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posted: 2/24/2010 12:01 AM

Frasz to take on Kenyon for control of Kane County Republican Party

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  • Mike Kenyon

      Mike Kenyon
    Mary Beth Nolan | Staff Photographer


A battle for control of the Kane County Republican Party that perhaps began to play out during the February primary will see its next struggle in the contest for party chairman.

Kane County Board members Mike Kenyon and Drew Frasz have started campaigning ahead of the March 3 vote for chairman, and neither are pulling punches. Kenyon is fresh off winning a fourth term Feb. 17 as chairman of the Elgin Township Republicans in a close race against Kane County Treasurer David Rickert. Some GOP committeeman in that race said Kenyon used strong-arm tactics to retain the spot. Kenyon denied any bullying to win votes in the race, and Monday said Frasz's challenge to his leadership of the county party is all about Frasz being hungry for power and misconceptions about Kane County Board Chairman Karen McConnaughay running the show.

"There's no outside influence," Kenyon said. "Some people like to say Karen's in there. She came to one meeting, which is more than Drew has ever come to. Never did he come by and say, 'Hey, I got a great idea.' I just question the motivations. I'm not doing it for power. I get the job done."

Frasz said he's a "somewhat reluctant candidate" for the chairmanship. He said he decided to run after being encouraged by many of his fellow Republicans with a message that it's time to shake things up.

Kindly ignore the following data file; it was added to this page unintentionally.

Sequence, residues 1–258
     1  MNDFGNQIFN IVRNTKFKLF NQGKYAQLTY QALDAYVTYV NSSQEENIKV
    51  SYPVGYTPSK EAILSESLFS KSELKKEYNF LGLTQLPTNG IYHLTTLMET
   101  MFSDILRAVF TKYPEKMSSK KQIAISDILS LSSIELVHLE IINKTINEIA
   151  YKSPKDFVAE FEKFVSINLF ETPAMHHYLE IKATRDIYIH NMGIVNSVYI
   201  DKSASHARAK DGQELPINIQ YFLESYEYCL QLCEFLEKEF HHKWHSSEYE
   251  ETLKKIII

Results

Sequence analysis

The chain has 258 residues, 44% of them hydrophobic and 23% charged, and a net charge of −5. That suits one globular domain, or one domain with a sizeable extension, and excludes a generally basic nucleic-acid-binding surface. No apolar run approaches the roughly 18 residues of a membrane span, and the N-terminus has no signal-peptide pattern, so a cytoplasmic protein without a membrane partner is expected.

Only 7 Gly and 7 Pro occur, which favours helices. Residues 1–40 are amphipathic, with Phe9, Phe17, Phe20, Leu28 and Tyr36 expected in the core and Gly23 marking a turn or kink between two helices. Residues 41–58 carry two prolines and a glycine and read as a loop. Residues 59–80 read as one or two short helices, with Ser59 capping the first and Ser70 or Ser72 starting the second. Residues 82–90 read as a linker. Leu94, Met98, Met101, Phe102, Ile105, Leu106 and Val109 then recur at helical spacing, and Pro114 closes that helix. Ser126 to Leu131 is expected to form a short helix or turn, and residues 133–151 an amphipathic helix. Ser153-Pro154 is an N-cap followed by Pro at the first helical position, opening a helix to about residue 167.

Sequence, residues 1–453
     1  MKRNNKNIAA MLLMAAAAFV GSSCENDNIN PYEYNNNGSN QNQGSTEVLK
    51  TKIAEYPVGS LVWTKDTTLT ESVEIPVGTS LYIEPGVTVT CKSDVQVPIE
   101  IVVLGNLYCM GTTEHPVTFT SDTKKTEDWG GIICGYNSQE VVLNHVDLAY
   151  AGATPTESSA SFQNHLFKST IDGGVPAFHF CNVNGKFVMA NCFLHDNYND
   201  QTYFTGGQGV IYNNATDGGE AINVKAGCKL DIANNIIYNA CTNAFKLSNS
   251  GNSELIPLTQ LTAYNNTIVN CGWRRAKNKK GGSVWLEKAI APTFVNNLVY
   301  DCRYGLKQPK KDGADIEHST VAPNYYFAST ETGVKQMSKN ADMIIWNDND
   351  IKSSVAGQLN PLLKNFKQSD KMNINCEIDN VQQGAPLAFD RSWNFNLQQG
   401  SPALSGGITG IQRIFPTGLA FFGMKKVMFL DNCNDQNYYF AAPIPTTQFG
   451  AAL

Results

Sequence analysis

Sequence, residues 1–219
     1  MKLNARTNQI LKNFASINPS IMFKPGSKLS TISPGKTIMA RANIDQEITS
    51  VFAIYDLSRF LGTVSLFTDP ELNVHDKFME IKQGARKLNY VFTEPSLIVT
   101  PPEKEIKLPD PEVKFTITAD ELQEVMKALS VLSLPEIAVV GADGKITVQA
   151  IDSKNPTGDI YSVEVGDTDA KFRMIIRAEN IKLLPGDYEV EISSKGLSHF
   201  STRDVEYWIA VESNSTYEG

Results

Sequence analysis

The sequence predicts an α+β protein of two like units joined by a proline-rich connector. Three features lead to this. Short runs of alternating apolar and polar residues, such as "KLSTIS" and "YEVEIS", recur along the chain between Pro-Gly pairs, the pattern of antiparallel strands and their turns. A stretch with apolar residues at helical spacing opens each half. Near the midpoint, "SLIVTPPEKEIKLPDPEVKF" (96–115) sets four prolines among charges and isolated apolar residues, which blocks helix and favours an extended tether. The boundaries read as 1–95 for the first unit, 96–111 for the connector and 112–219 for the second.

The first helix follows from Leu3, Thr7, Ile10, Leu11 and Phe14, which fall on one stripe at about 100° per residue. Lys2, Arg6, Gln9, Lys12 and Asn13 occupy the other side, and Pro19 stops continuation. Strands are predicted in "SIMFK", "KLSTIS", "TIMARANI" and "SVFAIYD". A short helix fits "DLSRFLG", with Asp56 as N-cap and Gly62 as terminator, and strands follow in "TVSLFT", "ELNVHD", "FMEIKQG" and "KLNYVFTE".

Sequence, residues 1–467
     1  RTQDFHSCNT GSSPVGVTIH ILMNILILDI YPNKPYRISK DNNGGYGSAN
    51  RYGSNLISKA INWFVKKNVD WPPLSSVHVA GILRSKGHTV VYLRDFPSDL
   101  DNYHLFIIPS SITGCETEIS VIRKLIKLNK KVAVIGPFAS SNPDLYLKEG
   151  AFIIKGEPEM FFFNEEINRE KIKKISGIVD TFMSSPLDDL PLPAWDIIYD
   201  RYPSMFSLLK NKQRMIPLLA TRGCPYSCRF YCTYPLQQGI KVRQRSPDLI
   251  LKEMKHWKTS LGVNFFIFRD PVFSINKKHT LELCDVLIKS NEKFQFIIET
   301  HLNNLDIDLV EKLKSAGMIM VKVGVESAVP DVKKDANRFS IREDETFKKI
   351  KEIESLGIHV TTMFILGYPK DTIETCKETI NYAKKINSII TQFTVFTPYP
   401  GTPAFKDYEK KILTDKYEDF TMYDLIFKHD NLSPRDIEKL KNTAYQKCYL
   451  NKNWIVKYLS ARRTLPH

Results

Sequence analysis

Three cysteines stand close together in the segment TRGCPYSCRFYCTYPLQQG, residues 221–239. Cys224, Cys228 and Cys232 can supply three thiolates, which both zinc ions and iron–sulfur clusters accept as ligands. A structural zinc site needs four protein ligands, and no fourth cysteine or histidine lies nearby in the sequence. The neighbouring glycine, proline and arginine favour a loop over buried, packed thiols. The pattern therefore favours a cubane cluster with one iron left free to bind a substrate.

"I do feel that the central committee is dominated by one political machine," Frasz said. "And I'm also concerned that we have lost a lot of races to the Democrats over the last four years or so."

Frasz said he also believes the leadership of the county party, including Kenyon, might have recruited candidates to run against incumbent Republicans they didn't like such as Rickert and county board member Barb Wojnicki.

"I think the fact that all those incumbents went on to win by substantial margins indicates that a there's a bit of a disconnect between the central committee and the average Kane County voter," Frasz said.

Frasz said he's looking to change that by embracing the energy of the tea party movement and recruiting more Independents and Hispanics.

"I'm not out to settle any kind of political scores, but when you see something you think you can improve on, you should get involved," Frasz said.

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